REPORT: Struggling Joe Biden Blames Big Oil For Rising Inflation

REPORT: Struggling Joe Biden Blames Big Oil For Rising Inflation

President Joe Biden, who is dealing with record inflation that is weighing on his administration and approval ratings, accused the US oil industry, specifically ExxonMobil, of profiteering on a supply shortage.

Consumer inflation in the United States surged in May, with fuel prices reaching new highs and the cost of food skyrocketing, resulting in the highest yearly increase in four decades.

Biden, who campaigned on a promise to lessen America’s reliance on fossil fuels, said on Friday that he hoped to boost oil output, which is anticipated to hit new highs in the US next year.

He did, however, give a caution to the business, whose profits have risen in tandem with price increases, indicating that customers are paying for more than simply greater labor and transportation expenses.

In a speech to dockworkers and union representatives at the Port of Los Angeles, Biden said, “Exxon made more money than God this year.” He noted that oil corporations in the United States are reinvesting profits rather than drilling more.

“They aren’t drilling, so why aren’t they? They make more money not producing more oil because they make more money not producing more oil “he stated “Start investing and paying your taxes, Exxon.”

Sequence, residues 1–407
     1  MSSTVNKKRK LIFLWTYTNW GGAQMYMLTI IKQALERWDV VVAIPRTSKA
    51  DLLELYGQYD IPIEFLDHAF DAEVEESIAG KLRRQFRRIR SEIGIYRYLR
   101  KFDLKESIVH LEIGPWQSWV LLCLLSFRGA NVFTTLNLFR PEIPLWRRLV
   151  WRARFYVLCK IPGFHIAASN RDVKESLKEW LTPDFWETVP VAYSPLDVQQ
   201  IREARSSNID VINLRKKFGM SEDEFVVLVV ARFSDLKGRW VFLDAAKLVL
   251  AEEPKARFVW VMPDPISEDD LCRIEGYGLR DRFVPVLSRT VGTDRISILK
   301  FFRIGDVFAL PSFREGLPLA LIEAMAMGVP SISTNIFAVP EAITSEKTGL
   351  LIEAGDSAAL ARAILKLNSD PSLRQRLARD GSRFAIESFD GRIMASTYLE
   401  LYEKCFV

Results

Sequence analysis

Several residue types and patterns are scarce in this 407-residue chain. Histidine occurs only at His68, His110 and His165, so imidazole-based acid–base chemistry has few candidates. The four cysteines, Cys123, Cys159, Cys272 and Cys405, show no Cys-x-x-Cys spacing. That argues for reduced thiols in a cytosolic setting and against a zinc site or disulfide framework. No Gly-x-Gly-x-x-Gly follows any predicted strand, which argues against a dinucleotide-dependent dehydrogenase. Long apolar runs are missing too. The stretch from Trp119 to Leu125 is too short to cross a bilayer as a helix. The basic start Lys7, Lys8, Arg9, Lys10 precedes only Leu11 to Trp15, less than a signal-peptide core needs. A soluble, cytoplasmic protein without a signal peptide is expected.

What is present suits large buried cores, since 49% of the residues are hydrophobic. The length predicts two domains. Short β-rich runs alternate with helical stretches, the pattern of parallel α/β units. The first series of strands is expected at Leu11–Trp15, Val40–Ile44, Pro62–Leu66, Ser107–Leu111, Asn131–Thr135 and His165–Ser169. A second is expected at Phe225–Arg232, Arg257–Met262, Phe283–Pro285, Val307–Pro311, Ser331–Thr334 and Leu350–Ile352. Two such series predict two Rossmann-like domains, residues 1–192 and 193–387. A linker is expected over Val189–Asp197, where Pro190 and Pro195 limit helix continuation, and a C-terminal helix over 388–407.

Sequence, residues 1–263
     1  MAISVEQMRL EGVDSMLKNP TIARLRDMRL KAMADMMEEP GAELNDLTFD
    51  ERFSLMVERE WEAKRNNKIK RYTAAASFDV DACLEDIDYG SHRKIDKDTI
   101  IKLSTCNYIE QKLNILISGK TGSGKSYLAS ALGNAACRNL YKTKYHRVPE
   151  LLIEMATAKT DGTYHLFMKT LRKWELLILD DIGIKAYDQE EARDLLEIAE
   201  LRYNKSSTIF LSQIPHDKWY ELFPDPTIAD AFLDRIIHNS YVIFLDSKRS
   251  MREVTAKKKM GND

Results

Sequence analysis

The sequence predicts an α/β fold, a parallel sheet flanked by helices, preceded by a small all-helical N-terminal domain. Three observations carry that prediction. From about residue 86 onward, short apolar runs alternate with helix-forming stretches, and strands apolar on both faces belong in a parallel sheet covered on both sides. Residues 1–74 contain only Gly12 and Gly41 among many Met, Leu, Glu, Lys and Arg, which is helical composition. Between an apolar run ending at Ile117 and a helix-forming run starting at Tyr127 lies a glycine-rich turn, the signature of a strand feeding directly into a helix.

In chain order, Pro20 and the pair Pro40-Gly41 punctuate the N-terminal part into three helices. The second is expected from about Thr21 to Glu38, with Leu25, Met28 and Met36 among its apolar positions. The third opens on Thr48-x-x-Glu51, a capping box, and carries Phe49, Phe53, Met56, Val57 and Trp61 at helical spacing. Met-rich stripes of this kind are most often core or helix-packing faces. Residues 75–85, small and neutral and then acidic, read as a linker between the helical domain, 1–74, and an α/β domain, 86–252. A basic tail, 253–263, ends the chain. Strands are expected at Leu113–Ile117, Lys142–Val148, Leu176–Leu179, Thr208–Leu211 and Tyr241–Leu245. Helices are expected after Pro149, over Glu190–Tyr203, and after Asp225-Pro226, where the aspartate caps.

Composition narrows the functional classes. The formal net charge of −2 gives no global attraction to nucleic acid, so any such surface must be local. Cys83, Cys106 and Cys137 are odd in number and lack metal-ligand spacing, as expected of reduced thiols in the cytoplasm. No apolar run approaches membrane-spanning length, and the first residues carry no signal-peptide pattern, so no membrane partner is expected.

Biden chastised the US oil, gas, and refining industries on Friday in a statement about May inflation numbers, saying they were exploiting “the challenge presented by the war in Ukraine as a reason to make matters worse for families with excessive profit-taking or price hikes.”

When Exxon released its fourth-quarter profits in February, it claimed its highest quarterly profit in seven years. In May, Shell announced record first-quarter profits, while Chevron Corp. and BP recorded their best results in a decade.

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Other giants, such as TotalEnergies and independent shale operators in the United States, announced solid results as the industry’s main companies focus on share repurchases and dividend investments.

Several firms have stated that they are deferring spending that may increase oil supply in order to cut $100-plus per barrel oil prices, as investors desire.

The Biden administration has tried many methods to cut prices, but the rising expenses have become a political nightmare. These include a record release of barrels from the United States’ strategic stockpiles, waivers of laws governing the production of summer gasoline, and pressure on OPEC’s main members to increase output.

Biden also asked Congress to approve measures that will lower the cost of energy, prescription drugs, and shipping.

Biden noted at the port that shipping businesses produced $190 billion in profit in a year, a seven-fold rise. He was so “viscerally enraged” over the situation that he wanted to “pop them,” he said.

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